Beirut, Cairo experience cancellations, but carry on
Despite worldwide shock waves still radiating from the terrorist attacks in the U.S., two of the Mideast’s best-known film festivals intend to take place this month as planned.
The Beirut Film Festival, which has dug in roots after just three previous rounds, unspools Oct. 3-10, notwithstanding worries about the always-hot situation in Lebanon’s southernmost Bekka region on the Israeli border.
Following on its heels, the Cairo Intl. Film Festival celebrates its 25th jubilee from Oct. 9 to 20, braving the growing hostility towards Americans by fundamentalist groups in Egypt.
Both festivals are well known for their gracious hospitality toward U.S. filmmakers and industryites.
But this year, as far as guests go, “we have had a lot of cancellations since the situation blew up,” admits Beirut fest chief Colette Naufal, who organizes with president Edward Aoun. “No Americans are coming and hardly any Europeans.” However, those who are making the trip are quite determined.
“We are definitely going to Beirut to open the festival with ‘No Man’s Land,’ ” Paris-based producer Cedomir Kolar tells Variety. Director Danis Tanovic, who won the special jury prize in Cannes with the picture, feels strongly that his story — set among opposing factions during the Bosnian war — has a special relevance to Lebanon and its people.
Fest will close with Venice’s special jury prize winner, “Secret Ballot,” by Iranian helmer Babak Payami. The pic’s Italo producer, Marco Muller, has been confirmed as president of the jury that will be judging an eight-film Middle East/Arab feature competition. This new section is the pride of organizers, who hope to turn Beirut into “the festival of the region.” This year they have mustered two premieres, Ched Chenouga’s Algerian “17 Rue Bleu” and Magdi Ahmad Ali’s Egyptian “Secrets of Girls.”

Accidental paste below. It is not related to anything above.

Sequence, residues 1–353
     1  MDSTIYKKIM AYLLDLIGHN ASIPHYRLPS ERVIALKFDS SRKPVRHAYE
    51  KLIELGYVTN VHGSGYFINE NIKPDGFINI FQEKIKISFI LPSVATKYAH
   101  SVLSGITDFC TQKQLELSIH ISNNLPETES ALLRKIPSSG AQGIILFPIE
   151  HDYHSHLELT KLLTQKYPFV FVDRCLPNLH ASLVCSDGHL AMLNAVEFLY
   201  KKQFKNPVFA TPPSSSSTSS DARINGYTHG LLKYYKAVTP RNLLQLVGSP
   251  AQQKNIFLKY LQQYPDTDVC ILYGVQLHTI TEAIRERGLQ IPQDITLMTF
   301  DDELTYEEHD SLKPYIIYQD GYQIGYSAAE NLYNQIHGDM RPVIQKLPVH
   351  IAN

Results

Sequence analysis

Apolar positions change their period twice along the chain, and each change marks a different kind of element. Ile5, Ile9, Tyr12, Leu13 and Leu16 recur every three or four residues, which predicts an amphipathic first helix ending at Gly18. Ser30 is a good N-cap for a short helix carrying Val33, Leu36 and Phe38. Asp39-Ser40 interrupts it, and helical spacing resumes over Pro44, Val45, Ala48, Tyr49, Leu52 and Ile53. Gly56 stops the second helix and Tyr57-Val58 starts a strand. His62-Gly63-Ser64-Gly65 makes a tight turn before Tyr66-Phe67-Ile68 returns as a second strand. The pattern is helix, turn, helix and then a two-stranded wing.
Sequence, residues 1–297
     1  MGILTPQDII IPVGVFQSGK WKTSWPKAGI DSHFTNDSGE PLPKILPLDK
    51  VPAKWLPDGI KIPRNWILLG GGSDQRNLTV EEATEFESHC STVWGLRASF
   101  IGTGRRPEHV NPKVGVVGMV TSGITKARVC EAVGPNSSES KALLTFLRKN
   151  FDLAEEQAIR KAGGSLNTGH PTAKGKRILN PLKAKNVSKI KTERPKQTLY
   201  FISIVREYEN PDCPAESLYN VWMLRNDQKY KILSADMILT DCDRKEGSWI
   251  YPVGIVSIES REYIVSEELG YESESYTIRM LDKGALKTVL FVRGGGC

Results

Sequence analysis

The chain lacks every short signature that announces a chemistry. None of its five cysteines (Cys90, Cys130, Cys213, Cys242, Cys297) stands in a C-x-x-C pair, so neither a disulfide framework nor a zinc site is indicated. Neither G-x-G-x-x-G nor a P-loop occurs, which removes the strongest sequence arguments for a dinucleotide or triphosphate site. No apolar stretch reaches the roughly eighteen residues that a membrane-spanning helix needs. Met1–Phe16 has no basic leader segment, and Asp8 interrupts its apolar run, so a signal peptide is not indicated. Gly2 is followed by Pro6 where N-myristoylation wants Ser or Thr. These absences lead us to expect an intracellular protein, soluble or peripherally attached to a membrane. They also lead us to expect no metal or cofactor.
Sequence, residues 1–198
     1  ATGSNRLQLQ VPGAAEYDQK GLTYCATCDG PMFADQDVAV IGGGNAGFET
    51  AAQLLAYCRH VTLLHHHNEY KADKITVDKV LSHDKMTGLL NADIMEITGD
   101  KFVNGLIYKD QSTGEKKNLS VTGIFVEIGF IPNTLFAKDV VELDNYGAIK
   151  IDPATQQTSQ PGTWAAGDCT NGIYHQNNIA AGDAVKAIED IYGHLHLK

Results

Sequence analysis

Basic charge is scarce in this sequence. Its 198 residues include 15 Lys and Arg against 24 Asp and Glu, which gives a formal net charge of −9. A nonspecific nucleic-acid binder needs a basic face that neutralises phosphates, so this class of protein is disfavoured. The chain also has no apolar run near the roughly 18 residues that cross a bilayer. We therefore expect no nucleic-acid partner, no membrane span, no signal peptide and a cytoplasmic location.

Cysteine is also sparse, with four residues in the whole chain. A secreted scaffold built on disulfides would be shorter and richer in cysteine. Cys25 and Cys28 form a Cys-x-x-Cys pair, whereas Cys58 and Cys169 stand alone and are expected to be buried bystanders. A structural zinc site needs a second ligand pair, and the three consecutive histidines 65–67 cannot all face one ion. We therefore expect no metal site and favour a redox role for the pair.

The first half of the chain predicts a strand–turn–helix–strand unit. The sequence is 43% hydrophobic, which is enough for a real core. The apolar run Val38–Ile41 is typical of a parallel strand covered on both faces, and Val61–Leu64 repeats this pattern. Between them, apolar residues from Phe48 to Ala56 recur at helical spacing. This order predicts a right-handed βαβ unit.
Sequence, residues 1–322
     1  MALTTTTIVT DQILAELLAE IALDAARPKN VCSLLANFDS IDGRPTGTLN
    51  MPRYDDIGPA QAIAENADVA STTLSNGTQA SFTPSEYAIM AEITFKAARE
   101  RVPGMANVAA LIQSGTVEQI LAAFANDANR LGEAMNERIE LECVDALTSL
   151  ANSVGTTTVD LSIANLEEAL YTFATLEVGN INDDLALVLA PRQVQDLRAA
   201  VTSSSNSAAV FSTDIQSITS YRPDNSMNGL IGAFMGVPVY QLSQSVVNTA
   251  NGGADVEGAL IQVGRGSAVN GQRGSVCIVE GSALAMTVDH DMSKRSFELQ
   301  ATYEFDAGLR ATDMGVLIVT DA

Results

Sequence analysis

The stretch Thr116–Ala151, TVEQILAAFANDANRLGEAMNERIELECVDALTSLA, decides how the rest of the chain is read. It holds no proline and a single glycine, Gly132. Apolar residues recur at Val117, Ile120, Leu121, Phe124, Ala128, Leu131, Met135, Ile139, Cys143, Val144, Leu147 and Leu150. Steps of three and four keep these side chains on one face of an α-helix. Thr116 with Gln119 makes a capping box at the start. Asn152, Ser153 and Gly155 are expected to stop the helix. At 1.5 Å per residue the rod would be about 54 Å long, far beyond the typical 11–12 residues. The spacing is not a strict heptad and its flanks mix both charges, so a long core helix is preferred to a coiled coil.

Tributes & retrospective
Other sidebars at Beirut include a tribute to Syrian helmer Mohammed Malas, a retrospective of films from the Armenian diaspora and a selection of Lebanese shorts and documentaries.
Meanwhile, in Cairo, popular actor Hussein Fahmi will again preside. On behalf of the festival, a proud member of international fest group Fiapf, he recently signed “brotherhood” agreements with the Damascus Intl. Festival in Syria, Carthage in Tunisia and the Bahrain Festival for Arabic Cinema, aiming to exchange experiences and strengthen international ties.
A highlight of this year’s ambitious program, put together by Madame Soheir Abdel Kader, is a 25-year panorama of Arab cinema.
Most recent of the Egyptian titles being shown are Mohamad Khan’s “Days of Sadat” and Tarek el-Eryan’s “Snakes and Ladders.”
French director Jean-Pierre Jeunet’s “Amelie From Montmartre” is set to open fest, and US entry “Almost Famous” by Cameron Crowe is in competition.
The modern Cairo Opera House will host a film market with stands offered free to exhibitors.
Sole American on the Cairo jury is Peter Scarlet, the former director of the San Francisco Film Festival who was recently appointed director of the French Cinematheque in Paris. “Last year,” recounts Scarlet, “I saw the extraordinary Egyptian film ‘The Storm’ by Khalid Youssef. It opened my eyes to the anger felt throughout the Arab world at the situation in Palestine. It’s to keep a finger on the pulse of what’s happening there that I’m going back to Cairo this year.”
The impact of the tragedies in New York and Washington on Arabic films sales and screenings is still difficult to gauge. There are signs that some fests will more actively court these films. The NatFilm Festival, Denmark’s largest, is planning to include an overview of recent Arabic films and a retro of Egyptian director Youssef Chahine’s work in April.
“In the aftermath of the attack on the World Trade Center,” notes fest programmer Kim Foss, “the hostility against anyone/anything Arabic has been widespread, also in Denmark. We would like to go in the opposite direction and try to expose the humanistic and tolerant side of Arabic (and Islamic) culture.”